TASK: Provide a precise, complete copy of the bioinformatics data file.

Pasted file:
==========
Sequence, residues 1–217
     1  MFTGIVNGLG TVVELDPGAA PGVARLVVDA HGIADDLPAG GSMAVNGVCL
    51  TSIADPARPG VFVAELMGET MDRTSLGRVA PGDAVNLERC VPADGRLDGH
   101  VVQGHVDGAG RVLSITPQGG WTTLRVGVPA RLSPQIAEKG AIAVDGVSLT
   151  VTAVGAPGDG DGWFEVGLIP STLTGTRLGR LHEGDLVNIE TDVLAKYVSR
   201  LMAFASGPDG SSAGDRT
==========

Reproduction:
Sequence, residues 1–217
     1  MFTGIVNGLG TVVELDPGAA PGVARLVVDA HGIADDLPAG GSMAVNGVCL
    51  TSIADPARPG VFVAELMGET MDRTSLGRVA PGDAVNLERC VPADGRLDGH
   101  VVQGHVDGAG RVLSITPQGG WTTLRVGVPA RLSPQIAEKG AIAVDGVSLT
   151  VTAVGAPGDG DGWFEVGLIP STLTGTRLGR LHEGDLVNIE TDVLAKYVSR
   201  LMAFASGPDG SSAGDRT